I still haven't figured out the desert though.
I realized I was growing resentful as everyone in the valley planned their annual escape and asked if I was doing the same. The desert requires a healthy time commitment because it's too far away for a long weekend. I suck at taking time off work and Tyler is even worse at it. I haven't ridden any of the classic trails and I still want to, but I don't quite see the appeal, although to voice that sentiment draws scorn from all.
But I was annoyed at everyone's travel plans, and the snow up high wasn't great and the trails down low were muddy, so I picked a spot: Vernal, UT, three hours closer than Moab and with enough riding for a couple days.
On either route, 191 or 89, the drive crosses hours of empty Wyoming nothingness and plunging canyons in the remote northeast corner of Utah. We saw pronghorns and coyotes crossing the Great Divide Basin, birds of prey watchful above rivers, obscure points of interest like the Flaming Gorge and Fossil Butte.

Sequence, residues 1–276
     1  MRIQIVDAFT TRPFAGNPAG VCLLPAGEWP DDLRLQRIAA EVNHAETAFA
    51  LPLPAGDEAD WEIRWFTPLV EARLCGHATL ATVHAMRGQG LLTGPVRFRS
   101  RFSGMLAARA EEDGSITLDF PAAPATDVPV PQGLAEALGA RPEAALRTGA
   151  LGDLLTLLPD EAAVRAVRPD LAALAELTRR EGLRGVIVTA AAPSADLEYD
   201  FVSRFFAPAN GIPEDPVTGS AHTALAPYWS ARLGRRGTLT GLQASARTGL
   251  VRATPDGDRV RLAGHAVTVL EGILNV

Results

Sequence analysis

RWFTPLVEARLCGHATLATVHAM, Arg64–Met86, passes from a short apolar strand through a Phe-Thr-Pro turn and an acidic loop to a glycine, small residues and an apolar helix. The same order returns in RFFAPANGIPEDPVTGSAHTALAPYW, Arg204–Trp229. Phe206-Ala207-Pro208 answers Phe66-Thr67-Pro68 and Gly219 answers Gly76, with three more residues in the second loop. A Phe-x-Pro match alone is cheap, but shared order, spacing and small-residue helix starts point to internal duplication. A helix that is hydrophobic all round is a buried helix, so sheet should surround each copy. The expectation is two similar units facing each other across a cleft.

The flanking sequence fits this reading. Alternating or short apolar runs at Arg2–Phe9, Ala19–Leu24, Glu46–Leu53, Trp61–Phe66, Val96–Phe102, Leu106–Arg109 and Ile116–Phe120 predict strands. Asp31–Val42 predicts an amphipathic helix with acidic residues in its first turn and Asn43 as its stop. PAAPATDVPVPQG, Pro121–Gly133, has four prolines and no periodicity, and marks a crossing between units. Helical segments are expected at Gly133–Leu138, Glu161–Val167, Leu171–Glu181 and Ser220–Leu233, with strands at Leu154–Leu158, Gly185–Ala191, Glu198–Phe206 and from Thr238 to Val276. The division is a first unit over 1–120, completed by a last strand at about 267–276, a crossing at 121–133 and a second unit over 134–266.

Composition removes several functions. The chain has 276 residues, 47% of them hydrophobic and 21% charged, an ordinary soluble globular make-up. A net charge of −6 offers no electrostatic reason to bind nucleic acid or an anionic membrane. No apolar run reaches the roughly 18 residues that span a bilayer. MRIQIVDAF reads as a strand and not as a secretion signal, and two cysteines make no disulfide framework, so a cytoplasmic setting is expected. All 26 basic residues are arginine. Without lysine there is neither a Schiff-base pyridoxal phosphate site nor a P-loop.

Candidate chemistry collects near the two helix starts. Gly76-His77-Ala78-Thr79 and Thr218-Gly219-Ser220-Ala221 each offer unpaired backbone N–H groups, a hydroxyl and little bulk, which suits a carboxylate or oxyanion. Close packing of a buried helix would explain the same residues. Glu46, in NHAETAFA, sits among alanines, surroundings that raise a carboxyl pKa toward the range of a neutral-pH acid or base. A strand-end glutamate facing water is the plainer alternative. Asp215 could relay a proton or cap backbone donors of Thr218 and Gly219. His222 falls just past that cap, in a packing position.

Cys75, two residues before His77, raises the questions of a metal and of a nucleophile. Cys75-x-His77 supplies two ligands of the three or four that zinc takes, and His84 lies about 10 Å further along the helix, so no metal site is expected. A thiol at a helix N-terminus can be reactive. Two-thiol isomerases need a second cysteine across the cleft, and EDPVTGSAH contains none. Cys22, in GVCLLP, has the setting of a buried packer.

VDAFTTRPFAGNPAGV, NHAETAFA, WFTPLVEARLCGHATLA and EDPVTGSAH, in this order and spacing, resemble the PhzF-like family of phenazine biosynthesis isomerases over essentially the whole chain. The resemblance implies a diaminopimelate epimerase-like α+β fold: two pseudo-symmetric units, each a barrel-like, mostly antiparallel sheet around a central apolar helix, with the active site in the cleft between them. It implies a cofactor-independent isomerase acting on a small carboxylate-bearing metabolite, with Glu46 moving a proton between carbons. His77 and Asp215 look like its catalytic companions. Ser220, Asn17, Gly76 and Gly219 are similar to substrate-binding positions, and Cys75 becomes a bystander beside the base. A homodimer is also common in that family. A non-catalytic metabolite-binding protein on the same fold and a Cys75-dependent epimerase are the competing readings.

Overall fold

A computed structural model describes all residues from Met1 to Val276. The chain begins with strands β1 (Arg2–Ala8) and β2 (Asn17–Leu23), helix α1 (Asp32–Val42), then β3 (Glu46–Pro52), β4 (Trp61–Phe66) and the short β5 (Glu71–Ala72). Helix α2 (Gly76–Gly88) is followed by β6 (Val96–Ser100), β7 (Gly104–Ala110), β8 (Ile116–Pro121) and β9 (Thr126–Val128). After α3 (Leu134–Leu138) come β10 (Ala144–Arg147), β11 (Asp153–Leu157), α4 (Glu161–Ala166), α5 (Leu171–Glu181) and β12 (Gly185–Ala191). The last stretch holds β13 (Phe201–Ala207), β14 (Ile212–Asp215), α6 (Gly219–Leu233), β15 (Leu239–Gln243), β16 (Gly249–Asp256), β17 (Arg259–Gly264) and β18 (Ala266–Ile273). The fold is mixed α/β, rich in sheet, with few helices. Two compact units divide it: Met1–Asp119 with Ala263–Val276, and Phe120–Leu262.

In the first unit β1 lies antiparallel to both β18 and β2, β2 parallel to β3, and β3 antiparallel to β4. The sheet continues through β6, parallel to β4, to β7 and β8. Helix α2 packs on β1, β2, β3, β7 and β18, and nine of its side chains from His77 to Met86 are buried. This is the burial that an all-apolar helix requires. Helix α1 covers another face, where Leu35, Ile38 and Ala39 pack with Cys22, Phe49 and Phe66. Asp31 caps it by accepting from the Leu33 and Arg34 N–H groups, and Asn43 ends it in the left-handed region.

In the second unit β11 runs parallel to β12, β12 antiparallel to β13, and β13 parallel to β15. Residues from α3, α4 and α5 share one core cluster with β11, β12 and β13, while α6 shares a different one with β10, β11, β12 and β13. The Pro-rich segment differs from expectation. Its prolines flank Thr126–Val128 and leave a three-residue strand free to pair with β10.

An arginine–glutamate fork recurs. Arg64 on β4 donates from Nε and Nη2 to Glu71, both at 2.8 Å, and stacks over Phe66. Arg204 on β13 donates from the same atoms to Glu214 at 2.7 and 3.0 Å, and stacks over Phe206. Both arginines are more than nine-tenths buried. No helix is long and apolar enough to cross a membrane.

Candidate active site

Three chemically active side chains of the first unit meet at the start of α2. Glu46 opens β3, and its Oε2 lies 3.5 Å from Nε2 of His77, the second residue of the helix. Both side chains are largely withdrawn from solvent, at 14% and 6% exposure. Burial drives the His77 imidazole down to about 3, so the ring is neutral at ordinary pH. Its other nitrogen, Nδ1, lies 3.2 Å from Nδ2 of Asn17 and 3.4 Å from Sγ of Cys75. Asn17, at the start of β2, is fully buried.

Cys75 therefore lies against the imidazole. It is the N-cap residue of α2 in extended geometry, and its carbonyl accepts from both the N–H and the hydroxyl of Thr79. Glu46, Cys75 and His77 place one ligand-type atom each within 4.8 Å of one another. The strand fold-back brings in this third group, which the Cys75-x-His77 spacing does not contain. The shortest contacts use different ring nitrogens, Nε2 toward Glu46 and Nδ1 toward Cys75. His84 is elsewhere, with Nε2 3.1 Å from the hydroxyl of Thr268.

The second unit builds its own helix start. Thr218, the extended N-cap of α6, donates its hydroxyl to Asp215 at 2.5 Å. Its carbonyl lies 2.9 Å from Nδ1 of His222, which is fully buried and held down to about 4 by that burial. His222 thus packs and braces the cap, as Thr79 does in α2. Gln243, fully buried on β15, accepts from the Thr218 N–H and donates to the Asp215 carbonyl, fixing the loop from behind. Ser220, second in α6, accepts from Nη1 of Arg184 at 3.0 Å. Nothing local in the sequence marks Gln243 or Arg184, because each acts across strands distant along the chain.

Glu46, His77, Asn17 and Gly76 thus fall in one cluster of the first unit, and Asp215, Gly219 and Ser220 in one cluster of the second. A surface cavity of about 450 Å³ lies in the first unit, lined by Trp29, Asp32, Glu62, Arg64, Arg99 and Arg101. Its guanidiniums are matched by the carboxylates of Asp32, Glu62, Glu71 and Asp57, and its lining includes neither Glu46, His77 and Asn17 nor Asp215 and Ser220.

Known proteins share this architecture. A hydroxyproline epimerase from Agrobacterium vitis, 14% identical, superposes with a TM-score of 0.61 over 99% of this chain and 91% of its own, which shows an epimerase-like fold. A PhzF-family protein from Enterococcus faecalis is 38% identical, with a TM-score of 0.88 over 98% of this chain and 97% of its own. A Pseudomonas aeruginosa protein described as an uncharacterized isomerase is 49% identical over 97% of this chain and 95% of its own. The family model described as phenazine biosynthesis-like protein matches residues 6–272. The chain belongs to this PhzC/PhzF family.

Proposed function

We camped on a bluff above McCoy Flats. The dogs ran amok. We rode over thirty miles, covering most of the worthwhile trails in the system. They were flat and pedally with some noteworthy scenery and the occasional horizon line, the kind of rock shelf you roll up to and decide in a split second whether to brave the unknown drop or stop and walk, cursing your timidity.
On the way back north we stopped at Red Fleet State Park and were caught off guard by its awesomeness. Here the rock formations were more striking, more southern Utah'esque, evoking frozen wind-swept sand dunes or piles of whipped potatoes or (as the name indicated) red battleships and U-boats breaching the calm water of the reservoir.
The riding was great too, with more elevation gain yielding playful sculpted red rock and dirt trails, and even a couple jump lines. Afterwards we sat on the beach, an unexpected bonus.